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How can I make my newsletter a must-read?How can I make my newsletter a must-read?

Despite the social media craze, email is still a valuable way to connect with customers personally and directly. Here is advice from three experts on how to make your newsletter one that customers will be sure to read.

Melaina Juntti

February 18, 2014

3 Min Read
How can I make my newsletter a must-read?

Sending out a weekly, monthly or even quarterly newsletter is a fantastic way to keep customers abreast of store happenings, share information about important health issues and, ultimately, create a sense of community that keeps people coming back to your business. But the trick is, how do you get folks to actually read what you’re writing? Whether you send out a print edition, digital version or both, here are some tips for making your newsletter a winner.

Public Relations Specialist

Craft a plan. Take time to figure out and write down the key attributes of your newsletter, including its purpose, audience, frequency, length, format, key deadlines and budget. Many retailers skip this step, which is a primary reason why newsletters frequently fail. Carefully think through these details ahead of time, or get an expert to help you.

Consider your audience. Are your most loyal shoppers young, active singles? Family-focused moms? Retirees? Choose topics within your store’s realm of expertise that aim to make readers’ lives easier. For example, athletes might be interested in nutritional support for marathon training, while moms may want to learn about natural ways to help kids dodge the flu.

Build a story bank. Just as a magazine contains different sections, your newsletter should include a variety of content: tips, recipes, employee profiles, promotions, surveys, testimonials and much more. Schedule articles around specific seasons or holidays, such as “Healthy Halloween treats” in October or “Happy birthday to us” to commemorate your store’s anniversary.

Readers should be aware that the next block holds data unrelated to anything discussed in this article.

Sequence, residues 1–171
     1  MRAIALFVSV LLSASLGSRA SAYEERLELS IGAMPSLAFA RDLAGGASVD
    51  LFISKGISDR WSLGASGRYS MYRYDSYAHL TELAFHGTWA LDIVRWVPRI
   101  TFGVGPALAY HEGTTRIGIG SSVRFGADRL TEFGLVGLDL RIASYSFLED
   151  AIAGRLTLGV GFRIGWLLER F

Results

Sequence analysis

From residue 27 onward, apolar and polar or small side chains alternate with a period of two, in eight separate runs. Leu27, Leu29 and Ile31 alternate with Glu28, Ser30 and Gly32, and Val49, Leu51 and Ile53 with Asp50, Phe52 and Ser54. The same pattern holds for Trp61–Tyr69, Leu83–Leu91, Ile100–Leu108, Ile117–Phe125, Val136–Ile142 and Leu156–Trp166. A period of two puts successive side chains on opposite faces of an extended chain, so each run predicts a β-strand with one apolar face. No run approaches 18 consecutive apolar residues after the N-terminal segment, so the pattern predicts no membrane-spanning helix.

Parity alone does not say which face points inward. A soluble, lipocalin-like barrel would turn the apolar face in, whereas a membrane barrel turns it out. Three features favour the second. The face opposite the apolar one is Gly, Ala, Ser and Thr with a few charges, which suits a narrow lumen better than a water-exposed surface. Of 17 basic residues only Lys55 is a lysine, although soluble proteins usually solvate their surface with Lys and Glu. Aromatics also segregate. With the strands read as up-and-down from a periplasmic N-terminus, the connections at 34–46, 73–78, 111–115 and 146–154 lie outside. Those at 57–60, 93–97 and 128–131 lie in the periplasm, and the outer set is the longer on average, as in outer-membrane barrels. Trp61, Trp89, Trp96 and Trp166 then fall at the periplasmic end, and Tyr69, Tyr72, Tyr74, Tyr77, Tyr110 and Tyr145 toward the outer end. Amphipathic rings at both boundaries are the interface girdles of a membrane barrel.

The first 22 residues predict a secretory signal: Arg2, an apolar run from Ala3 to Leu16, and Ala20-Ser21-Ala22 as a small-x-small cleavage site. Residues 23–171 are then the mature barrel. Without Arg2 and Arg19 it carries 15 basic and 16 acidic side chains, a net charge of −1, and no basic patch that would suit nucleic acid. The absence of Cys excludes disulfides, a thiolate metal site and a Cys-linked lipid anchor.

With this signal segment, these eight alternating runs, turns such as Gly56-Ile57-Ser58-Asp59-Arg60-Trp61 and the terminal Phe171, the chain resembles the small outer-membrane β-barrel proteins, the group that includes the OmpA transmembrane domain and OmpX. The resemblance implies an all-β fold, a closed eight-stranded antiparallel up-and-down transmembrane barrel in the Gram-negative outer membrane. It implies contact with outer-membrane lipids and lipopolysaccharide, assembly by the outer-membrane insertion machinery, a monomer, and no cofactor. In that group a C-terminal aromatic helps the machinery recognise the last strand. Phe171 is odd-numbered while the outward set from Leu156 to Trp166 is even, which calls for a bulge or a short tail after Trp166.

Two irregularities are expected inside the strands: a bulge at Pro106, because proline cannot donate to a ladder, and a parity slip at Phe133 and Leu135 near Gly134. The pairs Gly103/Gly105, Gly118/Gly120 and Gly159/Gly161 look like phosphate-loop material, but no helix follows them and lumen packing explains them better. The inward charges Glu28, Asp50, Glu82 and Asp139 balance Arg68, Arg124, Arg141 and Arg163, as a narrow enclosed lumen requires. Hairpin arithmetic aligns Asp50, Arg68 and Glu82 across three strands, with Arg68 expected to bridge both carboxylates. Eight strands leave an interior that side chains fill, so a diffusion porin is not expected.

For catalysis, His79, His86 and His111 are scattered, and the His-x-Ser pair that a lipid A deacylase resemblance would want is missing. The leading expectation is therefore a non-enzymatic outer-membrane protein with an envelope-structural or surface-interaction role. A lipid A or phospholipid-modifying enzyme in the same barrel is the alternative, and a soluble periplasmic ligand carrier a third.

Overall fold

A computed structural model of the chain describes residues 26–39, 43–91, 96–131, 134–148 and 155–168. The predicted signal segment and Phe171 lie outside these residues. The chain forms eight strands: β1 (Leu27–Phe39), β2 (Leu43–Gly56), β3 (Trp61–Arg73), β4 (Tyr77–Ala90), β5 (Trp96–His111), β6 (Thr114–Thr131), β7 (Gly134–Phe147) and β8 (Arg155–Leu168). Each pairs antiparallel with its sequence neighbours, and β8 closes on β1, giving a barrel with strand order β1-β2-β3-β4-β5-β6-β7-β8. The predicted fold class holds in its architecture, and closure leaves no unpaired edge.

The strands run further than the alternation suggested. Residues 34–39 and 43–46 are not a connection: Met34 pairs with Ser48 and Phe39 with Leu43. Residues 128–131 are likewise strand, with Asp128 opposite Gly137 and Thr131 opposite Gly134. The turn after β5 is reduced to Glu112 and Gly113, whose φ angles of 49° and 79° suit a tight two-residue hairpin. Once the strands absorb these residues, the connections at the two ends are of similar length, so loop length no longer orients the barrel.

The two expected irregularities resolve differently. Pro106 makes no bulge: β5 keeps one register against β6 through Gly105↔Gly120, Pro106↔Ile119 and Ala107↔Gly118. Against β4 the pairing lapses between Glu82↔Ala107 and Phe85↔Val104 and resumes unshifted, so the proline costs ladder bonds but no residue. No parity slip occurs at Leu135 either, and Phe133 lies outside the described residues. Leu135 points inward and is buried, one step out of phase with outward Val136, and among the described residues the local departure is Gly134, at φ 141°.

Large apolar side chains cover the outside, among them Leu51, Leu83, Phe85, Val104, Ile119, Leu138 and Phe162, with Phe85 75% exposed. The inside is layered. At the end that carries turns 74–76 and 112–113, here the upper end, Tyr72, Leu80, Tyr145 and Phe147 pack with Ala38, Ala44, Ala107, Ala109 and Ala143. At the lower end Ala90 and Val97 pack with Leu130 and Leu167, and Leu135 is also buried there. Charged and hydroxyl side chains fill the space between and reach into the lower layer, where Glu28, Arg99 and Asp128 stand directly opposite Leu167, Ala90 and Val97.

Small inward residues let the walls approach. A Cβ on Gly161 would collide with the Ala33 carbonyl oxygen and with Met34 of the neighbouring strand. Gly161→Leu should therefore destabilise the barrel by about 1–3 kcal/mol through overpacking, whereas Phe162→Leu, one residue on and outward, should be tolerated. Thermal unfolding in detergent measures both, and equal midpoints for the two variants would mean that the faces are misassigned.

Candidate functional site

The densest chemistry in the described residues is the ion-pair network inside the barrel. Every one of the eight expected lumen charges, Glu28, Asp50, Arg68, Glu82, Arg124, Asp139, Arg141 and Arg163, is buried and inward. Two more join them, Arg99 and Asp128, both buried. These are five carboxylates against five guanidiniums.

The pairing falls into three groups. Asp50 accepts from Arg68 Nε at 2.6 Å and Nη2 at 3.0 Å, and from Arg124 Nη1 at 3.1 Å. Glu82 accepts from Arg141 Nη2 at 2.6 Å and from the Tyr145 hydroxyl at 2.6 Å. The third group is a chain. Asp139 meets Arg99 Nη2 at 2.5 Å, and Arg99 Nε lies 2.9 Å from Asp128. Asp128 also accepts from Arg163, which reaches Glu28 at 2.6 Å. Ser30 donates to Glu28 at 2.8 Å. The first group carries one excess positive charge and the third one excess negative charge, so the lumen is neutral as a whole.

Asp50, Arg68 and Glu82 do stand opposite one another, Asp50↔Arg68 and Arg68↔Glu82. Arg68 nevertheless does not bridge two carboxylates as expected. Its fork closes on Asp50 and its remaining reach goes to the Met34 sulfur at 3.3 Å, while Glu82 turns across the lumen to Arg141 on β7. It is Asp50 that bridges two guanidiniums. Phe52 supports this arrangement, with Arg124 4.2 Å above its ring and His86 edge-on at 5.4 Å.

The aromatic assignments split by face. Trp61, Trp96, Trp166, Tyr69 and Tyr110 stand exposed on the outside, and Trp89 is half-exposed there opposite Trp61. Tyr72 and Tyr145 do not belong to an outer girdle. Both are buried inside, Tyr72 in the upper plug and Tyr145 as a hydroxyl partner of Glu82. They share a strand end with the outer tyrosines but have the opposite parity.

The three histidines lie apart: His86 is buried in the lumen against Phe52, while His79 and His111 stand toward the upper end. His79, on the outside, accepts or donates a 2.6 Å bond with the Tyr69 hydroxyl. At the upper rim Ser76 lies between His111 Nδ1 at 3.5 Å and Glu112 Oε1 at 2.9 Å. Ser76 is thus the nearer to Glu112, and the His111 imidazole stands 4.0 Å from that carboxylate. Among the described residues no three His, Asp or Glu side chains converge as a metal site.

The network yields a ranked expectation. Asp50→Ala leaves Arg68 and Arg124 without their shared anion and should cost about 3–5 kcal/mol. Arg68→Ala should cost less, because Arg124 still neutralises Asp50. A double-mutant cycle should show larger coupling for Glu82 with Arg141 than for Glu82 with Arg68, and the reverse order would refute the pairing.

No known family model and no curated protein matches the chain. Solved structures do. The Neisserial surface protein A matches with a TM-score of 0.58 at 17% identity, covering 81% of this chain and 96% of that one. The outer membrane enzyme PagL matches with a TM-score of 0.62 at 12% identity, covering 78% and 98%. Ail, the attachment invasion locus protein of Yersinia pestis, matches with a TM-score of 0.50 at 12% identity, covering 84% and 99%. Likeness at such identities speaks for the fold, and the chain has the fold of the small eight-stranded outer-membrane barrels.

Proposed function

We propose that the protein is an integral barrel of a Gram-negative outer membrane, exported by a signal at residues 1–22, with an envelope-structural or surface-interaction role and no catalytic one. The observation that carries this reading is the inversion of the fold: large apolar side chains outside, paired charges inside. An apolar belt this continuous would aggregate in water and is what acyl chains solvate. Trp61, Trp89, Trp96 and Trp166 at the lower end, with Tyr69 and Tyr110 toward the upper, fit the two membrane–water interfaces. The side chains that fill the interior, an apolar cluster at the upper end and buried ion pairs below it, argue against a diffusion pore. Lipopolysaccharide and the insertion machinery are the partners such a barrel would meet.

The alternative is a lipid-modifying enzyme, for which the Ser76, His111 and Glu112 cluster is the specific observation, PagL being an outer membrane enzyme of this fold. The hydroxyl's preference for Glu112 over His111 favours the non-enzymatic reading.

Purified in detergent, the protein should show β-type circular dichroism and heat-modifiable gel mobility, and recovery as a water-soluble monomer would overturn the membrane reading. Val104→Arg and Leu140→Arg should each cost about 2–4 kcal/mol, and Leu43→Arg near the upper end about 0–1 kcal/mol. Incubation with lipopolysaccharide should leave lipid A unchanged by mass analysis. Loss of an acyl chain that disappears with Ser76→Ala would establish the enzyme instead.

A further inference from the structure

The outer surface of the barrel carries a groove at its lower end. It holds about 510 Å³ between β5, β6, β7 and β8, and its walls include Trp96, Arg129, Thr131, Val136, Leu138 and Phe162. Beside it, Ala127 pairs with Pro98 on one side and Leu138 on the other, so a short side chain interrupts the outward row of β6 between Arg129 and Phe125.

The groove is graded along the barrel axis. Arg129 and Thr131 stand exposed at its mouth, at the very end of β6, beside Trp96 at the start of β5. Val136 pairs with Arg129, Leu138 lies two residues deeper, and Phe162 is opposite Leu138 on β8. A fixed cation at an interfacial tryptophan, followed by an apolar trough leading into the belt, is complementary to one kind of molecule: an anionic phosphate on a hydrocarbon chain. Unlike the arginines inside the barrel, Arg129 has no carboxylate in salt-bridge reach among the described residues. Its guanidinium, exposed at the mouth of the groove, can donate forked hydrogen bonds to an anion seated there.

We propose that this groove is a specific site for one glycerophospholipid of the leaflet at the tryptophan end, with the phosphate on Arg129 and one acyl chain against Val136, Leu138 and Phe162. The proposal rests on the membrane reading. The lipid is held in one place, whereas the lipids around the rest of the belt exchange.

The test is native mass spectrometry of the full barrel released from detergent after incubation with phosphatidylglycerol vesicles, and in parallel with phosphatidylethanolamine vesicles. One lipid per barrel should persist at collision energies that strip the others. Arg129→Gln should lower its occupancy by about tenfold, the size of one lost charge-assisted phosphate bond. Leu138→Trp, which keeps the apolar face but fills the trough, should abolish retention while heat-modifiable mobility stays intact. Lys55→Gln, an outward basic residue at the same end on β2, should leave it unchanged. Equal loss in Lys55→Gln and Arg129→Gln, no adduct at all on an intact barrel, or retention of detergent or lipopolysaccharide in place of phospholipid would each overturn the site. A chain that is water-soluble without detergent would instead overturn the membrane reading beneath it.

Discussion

–Kathleen Murphy, Senior public relations counsel at BrandHive in Salt Lake City

Branding and Communications Expert

Find your voice. Create a tone in your newsletter that reflects the personality of your business. Don’t try to sound too official. Be human. Be yourself. Being authentic, and therefore charming, tends to come naturally for natural products retailers because they’re passionate about what they do. Make sure you don’t stifle that.

Be a thought leader. Take a leadership role on important issues. Today’s consumers are trying to sort through so much information about products, wellness, health policies and more, and they look to natural retailers for expertise. It’s a much more engaged relationship than with everyday grocers, so include compelling content that covers timely topics.

Deliver consistently. When sending out a print or e-newsletter, it’s essential to be consistent, so shoppers know what to expect. If you’re going to publish quarterly, let customers know this—and then make sure you deliver. To avoid committing to more than you can handle, really think about how much time it’ll take to do each newsletter well. It’s better to do fewer well and have shoppers read them than to do many that go unread into customers’ trash cans.

–Angela Cason, Co-founder of TEMPO Strategic in New York


Hire dedicated writers. We used to have to beg staff members to contribute to our newsletter, but now it’s an official part of certain employees’ jobs, so they’re much more accountable. All applicants for these positions must work at least 10 hours a week in a particular department and demonstrate that they know their areas well and can write a clear paragraph.

Reach more than members. When we opened our second store in 2010, we sent newsletters to every home in that ZIP code for three months. Because we already had the content, this was a relatively inexpensive way to reach potential new customers and communicate the co-op’s mission. We kept the articles introductory and not too technical because we didn’t want first impressions to be too opaque.

Edit, edit, edit. We give our writers the freedom to cover topics they believe are important, which brings a variety of voices to the newsletter. This is great, but the flip side is I have to keep a close eye on what’s written to ensure we’re not making any health statements or prescriptions or straying from the truth. I also must make sure that the co-op brand and mission are consistently conveyed.

–Liz Wermcrant, Newsletter editor at Willy Street Co-op in Madison, Wis.


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